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Revolution. How the Bicycle Reinvented Modern Britain Ciclismo urbano 9780715653333 Ver más grande

Revolution. How the Bicycle Reinvented Modern Britain

9780715653333

'Tells a wonderful tale from the Victorian invention through to modern Britain... impressive to make such a complicated history so concise and accessible to a wide readership' Mark Ian Macleod Beaumont, record-breaking long-distance British cyclist and author of the bestselling The Man who Cycled the World


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It is easy to see bicycles as commonplace machines, but at the end of the nineteenth-century there was no other piece of technology which attracted the same level of excitement, discussion or controversy. Significant societal shifts followed the invention of the modern bicycle and with cycling's ever-increasing popularity there has never been a better time to tell this story.

Revolution delves into the social history of cycling in 1890s Britain while exploring international parallels that existed in countries such as the US, France and Australia. Drawing on a range of sources from cycling club journals to the writings of H.G. Wells, the book illuminates the major impact the bicycle had on the day-to-day lives of people across the social spectrum with millions experiencing a cheap and personalised means of transport for the first time.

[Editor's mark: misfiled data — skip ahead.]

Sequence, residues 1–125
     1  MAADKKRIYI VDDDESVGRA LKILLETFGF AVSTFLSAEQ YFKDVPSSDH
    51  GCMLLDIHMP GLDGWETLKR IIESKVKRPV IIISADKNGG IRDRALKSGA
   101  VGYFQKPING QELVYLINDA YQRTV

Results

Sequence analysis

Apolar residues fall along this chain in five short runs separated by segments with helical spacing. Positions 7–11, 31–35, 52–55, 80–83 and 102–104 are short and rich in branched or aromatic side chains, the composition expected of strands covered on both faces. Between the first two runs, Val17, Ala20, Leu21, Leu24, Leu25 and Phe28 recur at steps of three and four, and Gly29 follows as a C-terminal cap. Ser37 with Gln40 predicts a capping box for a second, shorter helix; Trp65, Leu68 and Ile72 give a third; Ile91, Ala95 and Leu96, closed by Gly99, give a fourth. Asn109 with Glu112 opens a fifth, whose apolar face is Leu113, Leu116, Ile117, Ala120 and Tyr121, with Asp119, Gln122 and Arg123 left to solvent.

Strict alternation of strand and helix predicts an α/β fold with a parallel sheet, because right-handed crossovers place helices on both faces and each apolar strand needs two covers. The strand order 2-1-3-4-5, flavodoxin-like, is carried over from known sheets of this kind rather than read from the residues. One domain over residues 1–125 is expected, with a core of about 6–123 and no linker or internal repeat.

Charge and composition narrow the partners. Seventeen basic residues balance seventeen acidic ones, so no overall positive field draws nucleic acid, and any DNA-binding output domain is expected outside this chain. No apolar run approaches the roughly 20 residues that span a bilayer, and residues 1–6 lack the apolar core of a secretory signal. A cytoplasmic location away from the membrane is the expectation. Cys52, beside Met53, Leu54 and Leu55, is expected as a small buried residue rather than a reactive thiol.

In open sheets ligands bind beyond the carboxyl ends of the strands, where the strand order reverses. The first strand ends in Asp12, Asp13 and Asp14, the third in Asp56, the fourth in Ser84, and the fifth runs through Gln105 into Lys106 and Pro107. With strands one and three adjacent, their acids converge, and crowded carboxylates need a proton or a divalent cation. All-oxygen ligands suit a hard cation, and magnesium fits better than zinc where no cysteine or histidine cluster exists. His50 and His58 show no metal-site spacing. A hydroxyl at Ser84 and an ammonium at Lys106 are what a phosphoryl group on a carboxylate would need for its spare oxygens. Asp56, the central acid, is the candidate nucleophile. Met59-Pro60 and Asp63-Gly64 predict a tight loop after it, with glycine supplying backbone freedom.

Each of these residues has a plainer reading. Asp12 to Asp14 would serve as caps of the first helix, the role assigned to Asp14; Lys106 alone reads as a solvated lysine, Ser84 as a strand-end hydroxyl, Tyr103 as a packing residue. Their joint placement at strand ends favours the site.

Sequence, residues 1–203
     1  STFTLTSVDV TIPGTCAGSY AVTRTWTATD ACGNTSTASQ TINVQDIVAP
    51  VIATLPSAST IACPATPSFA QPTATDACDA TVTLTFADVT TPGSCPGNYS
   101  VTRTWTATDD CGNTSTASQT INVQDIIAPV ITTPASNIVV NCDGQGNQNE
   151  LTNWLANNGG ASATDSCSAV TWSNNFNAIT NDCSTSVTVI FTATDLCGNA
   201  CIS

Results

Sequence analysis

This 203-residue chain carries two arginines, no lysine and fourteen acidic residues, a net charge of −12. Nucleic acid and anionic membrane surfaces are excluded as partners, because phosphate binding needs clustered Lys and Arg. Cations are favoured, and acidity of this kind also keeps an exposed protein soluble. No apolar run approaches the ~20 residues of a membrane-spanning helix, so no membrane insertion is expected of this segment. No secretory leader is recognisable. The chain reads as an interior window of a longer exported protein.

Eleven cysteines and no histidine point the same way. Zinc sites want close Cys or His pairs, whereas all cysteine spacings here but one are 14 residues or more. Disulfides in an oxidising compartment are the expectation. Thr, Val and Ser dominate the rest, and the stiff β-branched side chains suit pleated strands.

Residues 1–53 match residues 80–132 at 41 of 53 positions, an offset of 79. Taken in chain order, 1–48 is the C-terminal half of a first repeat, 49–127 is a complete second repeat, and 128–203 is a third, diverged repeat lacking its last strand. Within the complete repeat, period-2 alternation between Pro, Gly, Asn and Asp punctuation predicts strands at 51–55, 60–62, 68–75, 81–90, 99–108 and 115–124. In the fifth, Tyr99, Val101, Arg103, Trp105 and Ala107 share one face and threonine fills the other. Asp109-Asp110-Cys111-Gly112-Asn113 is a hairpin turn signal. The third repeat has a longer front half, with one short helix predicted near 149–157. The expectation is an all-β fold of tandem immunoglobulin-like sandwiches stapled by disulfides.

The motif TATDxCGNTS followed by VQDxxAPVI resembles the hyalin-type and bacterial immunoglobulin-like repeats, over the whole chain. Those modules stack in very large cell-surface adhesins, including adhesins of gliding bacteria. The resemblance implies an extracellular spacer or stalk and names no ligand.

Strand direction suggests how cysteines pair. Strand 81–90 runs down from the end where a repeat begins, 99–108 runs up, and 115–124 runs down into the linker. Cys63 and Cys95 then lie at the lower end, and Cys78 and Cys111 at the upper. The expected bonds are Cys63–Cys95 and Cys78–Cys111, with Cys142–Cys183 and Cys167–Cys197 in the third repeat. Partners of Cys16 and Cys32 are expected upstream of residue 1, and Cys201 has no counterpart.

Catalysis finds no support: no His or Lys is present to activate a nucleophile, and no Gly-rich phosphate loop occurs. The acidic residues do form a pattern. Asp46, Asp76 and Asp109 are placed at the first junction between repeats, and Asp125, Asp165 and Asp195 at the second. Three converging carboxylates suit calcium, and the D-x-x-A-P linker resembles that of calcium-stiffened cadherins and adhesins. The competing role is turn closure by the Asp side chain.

Particularly for women it was known as the great emancipator from crib, kitchen and convention. Affordable to the working class, cycling dramatically increased the number of potential marriage partners, bridging the gaps between villages, to the extent that leading biologist Steve Jones has ranked the invention of the bicycle as the most important event in recent human evolution. From cycling as a source of fashion and socialising in sporting clubs, to travel around the British countryside, to its importance for widening the gene pool and its role in the women's liberation movement, Revolution presents the bicycle as a marvel of modern technology that transformed Britain and the world over.

AutorWilliam Manners
ISBN978-0715653333
Páginas320
FormatoRústica
Fecha publicación2019
EditorialDuckworth
LenguaInglés
Medidas19.7 x 13.2 cm

'Well written, researched, and balanced, Revolution carefully documents early cycling and gives us a window into a world that's influenced every one of us who cycles today' Dave Barter, author of Obsessive Compulsive Cycling Disorder

'Fascinating... an impressive, compelling social history of the bicycle... probably the definitive work available on the subject' Richard Peploe, Road.CC

'Extremely well-researched... a must-read for anyone interested in the history and development of the bicycle' Anna Hughes, author of Eat, Sleep, Cycle and Pedal Power

'A heart-warming, often humorous depiction of the development of the bicycle and its role in nurturing human relationships sporting, social, professional and romantic... touches the lives of cycling enthusiasts through the ages' Maria Leijerstam, first person to cycle to the South Pole and author of Cycling to the South Pole: A World First

'Manners takes us on a wild ride through cycling history in this richly researched, intelligent and beautifully written book' Dr Sheila Hanlon, Cycling UK